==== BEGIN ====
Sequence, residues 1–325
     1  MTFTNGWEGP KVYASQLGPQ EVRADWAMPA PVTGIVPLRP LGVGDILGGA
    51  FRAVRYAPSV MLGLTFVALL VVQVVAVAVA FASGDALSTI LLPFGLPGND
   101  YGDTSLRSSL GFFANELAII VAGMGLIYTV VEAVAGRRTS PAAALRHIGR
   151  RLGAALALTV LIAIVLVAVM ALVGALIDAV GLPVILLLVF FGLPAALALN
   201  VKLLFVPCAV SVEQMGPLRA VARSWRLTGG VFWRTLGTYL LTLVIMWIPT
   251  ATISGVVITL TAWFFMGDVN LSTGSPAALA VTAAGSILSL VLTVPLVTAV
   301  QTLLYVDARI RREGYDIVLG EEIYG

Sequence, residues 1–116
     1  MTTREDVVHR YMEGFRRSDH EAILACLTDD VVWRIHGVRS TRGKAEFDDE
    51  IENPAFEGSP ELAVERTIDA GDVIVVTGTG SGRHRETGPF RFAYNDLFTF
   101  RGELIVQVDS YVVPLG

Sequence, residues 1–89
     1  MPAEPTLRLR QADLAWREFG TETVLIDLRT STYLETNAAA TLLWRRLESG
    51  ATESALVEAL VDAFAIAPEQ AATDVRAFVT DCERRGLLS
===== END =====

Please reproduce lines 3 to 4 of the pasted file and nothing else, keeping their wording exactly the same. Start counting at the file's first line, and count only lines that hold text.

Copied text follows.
    51  FRAVRYAPSV MLGLTFVALL VVQVVAVAVA FASGDALSTI LLPFGLPGND
   101  YGDTSLRSSL GFFANELAII VAGMGLIYTV VEAVAGRRTS PAAALRHIGR